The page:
10th August, 2011
11th August, 2011
12th August, 2011

Wednesday 10th August, 2011

Coast photograph

Near the Whistling Rocks, Streaky Bay

Drop Cap e were woken at 4 a.m. this morning by a mouse nibbling and scrabbling at the munchies bag on the table. It zapped up the wall and behind the wardrobe. Somewhat naturally, I did not sleep much after that! We reported it to the office and were told that it was probably the tail end (sorry) of a plague that had just gone through. She was very apologetic, but the damage had been done.

Rocks photograph

"Murphy's Haystacks" near Streaky Bay

Drop Cap e left Ceduna at about 9:45 and headed southeast towards Streaky Bay. We arrived there and got some tourist info about scenic drives and went off on a tour to Cape Bauer. On the way we found the "Whistling Rocks" and blowholes and went down a long boardwalk to see them. There wasn't much to see except the glorious ocean, crashing against the cliffs, but it was a good walk and very scenic. On the way back we saw two painted dragons (I think, although they could have been shingle back skinks) about the size of a small blue-tongue, very stubby and covered with diamond shaped armour scales. Geoff was getting quite low in blood sugar so we dosed him with jelly beans and went to a bakery for good rolls filled to order.

Rocks photograph

"Murphy's Haystacks" near Streaky Bay

Drop Cap hen on again towards Elliston (where we stay tonight) and stopped to explore a really incredible natural site known as "Murphy's Haystacks". These are giant rock formations with the technical name of isenbergs, "island mountains" in German. They grow out of the ground, looking almost artificial. It was quite a weird sight.

Sunset photograph

Sunset over Elliston Cliffs

Drop Cap hen on into Elliston, a small town of 300 odd population, and our apartment. Very well-equipped, very small, but it has everything we need. I collected some food from the local general store and prepared to cook a meal. However, before dark we went out to drive the Clifftop Scenic Sculpture Drive to Anxious Bay. It seems to me that the early explorers were a bit traumatised by this coast; we had Denial Bay near Ceduna, Streaky Bay (which is) and now Anxious Bay.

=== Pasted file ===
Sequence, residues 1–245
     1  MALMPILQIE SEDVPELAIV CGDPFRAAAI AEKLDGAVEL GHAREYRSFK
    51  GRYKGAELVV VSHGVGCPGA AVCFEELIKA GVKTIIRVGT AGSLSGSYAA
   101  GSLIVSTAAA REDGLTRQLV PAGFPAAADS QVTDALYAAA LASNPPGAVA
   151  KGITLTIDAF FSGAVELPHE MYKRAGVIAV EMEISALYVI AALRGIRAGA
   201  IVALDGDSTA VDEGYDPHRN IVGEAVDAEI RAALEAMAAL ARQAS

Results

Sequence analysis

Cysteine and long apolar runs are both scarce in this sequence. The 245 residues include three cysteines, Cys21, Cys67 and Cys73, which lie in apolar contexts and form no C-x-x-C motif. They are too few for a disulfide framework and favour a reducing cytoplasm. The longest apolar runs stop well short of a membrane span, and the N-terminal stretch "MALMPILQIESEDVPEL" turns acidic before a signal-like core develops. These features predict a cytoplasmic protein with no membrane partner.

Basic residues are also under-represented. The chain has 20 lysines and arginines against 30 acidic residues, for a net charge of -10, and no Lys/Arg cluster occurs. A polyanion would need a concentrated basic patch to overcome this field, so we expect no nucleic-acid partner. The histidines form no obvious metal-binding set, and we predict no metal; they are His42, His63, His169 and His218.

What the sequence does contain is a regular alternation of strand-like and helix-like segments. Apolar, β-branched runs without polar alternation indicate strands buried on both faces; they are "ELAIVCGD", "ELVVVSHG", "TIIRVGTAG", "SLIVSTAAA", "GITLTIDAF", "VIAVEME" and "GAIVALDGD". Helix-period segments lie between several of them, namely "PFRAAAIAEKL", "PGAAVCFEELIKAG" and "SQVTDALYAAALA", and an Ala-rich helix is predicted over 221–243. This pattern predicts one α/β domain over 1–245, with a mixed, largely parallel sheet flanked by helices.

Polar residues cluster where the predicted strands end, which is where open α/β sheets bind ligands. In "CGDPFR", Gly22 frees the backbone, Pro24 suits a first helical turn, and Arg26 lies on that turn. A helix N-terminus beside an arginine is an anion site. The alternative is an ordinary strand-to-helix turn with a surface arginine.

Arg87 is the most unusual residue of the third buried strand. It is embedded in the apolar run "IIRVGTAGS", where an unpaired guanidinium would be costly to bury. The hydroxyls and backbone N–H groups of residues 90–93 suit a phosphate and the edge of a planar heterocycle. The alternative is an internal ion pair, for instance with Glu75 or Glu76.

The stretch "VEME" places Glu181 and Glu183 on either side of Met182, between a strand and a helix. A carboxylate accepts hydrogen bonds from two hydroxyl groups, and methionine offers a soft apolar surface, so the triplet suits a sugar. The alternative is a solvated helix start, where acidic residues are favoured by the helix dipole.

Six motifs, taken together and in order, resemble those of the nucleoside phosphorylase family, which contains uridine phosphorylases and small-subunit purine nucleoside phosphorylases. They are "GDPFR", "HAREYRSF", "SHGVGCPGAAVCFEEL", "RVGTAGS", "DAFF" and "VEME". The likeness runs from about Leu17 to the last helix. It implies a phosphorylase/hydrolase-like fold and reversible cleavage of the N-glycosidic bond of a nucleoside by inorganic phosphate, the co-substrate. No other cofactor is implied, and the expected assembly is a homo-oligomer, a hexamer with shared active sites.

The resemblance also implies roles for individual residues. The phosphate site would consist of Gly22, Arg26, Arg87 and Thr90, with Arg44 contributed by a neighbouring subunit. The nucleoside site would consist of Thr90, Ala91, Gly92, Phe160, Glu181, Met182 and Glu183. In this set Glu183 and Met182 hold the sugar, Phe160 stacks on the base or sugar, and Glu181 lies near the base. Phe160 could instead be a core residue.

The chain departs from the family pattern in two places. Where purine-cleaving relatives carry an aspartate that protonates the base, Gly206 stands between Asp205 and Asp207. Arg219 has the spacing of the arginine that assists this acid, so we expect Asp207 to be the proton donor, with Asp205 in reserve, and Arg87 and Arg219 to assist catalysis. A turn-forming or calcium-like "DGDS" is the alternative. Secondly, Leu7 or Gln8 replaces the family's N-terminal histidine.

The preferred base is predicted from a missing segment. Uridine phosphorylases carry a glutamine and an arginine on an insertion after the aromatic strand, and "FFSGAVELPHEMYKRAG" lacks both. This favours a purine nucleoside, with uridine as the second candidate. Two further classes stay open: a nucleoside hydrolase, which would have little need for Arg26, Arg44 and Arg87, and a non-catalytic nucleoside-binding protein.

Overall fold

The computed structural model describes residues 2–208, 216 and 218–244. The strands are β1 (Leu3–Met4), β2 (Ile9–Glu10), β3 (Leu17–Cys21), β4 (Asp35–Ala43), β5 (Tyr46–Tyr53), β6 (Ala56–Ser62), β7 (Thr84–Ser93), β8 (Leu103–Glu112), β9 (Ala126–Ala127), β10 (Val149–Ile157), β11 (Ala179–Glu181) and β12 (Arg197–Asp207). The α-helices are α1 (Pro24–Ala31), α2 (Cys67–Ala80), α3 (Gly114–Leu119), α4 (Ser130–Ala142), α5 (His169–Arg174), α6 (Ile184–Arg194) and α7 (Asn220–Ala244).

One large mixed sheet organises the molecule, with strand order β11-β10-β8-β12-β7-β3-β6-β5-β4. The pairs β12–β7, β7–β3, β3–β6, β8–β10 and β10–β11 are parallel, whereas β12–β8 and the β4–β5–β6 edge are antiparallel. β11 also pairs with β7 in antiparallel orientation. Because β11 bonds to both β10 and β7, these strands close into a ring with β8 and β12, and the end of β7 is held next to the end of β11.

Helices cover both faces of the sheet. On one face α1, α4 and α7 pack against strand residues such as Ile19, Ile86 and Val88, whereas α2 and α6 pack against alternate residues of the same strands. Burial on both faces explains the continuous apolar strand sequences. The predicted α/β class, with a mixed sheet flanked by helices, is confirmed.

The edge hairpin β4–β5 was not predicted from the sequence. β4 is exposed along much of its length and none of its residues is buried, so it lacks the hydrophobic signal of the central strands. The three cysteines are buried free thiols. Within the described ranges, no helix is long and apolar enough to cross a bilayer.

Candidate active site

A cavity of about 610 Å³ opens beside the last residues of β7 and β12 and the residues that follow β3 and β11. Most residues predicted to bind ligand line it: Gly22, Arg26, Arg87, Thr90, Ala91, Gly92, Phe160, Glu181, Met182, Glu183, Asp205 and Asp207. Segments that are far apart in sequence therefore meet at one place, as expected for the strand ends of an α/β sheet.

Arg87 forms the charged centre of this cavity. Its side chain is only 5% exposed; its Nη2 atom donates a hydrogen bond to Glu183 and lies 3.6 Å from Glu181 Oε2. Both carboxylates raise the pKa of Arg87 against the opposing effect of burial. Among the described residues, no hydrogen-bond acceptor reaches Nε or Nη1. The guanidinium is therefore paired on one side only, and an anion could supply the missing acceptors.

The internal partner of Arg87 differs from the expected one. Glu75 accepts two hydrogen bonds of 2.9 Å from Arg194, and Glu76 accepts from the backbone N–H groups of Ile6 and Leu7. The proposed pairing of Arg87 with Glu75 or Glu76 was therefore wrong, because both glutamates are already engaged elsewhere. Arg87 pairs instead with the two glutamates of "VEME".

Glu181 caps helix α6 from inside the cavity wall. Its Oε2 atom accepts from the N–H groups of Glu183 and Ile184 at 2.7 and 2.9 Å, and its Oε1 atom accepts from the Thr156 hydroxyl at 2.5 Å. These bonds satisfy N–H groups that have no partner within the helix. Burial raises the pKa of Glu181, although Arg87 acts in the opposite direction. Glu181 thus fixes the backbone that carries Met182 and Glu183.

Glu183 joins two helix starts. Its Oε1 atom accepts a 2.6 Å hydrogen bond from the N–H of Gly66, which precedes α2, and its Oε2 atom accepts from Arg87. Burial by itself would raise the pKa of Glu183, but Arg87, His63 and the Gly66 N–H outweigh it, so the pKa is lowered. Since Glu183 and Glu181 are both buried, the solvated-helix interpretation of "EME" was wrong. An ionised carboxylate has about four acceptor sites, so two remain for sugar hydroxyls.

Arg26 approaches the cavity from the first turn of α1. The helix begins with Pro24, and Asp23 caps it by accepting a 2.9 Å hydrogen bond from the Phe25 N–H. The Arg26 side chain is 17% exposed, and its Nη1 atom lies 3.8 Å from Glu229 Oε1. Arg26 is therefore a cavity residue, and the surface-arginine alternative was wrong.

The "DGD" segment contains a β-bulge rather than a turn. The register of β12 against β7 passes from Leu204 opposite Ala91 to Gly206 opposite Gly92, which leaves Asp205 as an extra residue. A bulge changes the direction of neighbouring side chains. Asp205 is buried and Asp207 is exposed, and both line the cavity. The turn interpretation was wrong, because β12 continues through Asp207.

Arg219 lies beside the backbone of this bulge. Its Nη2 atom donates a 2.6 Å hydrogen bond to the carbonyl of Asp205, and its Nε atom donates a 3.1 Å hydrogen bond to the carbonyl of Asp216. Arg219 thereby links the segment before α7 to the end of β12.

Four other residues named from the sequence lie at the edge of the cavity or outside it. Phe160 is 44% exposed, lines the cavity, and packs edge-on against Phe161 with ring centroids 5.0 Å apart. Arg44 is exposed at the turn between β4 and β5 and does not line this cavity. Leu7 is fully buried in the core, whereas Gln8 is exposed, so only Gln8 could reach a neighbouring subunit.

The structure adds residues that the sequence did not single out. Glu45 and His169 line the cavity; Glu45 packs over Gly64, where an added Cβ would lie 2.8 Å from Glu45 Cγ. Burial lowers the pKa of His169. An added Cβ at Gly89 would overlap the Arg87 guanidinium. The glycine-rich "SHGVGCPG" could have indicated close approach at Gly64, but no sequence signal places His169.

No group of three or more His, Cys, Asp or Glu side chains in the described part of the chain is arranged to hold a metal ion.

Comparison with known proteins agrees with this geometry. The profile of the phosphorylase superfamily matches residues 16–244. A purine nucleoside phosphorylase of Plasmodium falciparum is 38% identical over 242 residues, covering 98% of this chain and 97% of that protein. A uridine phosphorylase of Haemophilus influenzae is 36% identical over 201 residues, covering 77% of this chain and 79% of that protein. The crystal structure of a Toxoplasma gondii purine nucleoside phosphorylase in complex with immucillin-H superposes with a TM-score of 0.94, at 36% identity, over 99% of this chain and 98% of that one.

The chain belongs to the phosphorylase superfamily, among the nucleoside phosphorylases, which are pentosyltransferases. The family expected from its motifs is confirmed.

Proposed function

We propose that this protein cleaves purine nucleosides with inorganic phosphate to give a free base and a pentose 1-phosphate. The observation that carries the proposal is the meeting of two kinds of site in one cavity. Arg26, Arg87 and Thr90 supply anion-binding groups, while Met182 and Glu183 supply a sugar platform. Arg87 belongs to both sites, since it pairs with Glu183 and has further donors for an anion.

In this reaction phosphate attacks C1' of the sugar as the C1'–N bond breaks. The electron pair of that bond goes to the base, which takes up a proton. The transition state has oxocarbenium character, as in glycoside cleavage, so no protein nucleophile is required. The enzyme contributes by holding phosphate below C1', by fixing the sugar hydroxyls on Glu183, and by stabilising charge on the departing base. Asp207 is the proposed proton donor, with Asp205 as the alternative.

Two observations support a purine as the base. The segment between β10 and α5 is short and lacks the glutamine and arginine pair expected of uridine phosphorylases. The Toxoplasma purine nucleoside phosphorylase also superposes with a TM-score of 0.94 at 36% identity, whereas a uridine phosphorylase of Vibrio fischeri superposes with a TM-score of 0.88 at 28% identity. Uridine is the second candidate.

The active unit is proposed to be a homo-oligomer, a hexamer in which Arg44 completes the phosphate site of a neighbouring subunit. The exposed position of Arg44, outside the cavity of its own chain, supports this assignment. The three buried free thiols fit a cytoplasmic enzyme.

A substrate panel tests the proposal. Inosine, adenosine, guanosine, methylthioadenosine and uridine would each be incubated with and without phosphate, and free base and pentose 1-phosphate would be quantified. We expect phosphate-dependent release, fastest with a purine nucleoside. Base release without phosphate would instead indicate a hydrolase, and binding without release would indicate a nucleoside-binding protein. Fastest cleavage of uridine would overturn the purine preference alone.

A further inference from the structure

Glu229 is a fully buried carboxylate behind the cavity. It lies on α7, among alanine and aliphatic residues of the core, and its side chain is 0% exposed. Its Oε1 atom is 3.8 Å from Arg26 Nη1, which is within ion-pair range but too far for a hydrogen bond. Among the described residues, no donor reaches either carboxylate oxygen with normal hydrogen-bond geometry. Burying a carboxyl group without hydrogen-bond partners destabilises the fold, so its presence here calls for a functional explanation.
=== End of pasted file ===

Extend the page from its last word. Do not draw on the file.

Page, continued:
Heads photograph

Easter Island at Elliston

Drop Cap t was a lovely drive, great scenery and some of the quirkiest stone sculpture ever. My favourite was a series of heads, like Easter Island, on top of the cliff - quite weird. There were several others like the large stone block with fish faces carved into it and the totem pole with fish climbing up it. It was an interesting drive.

Drop Cap e came home and I cooked sausages and mash with tomato and onion and the remains of our tin of mixed vegs. Good stuff.

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Thursday 11th August, 2011

stone walls photograph

Dry Stone Walls near Elliston

Drop Cap t rained during the night but the day was lovely, warm and sunny. I swapped my skivvy for a t-shirt for the first time. We drove off down the B100 towards Port Lincoln. Our first stop was at some dry stone walls, built in the 1850s. I must say the raw materials for these walls were everywhere in the fields. Stony ground indeed.

Drop Cap hen we stopped for morning tea at a licensed roadhouse sort of place which reminded us of the Ettamoggah Pub or something out of Crocodile Dundee. Full of the most eclectic stock of the hook, line and sinker, bait and ammo style. But we got coffee and Geoff got a hotdog.

eating house photograph

Lake Hamilton Eating House

Drop Cap ff again we paused to look at a historic site, the Lake Hamilton Eating House from the 1850s. Made of stone with timber beams cut from trees and not dressed or shaped, and flagstone floors, it looked a very secure little house.

memorial photograph

Memorial to Lew Cummins Lost at Sea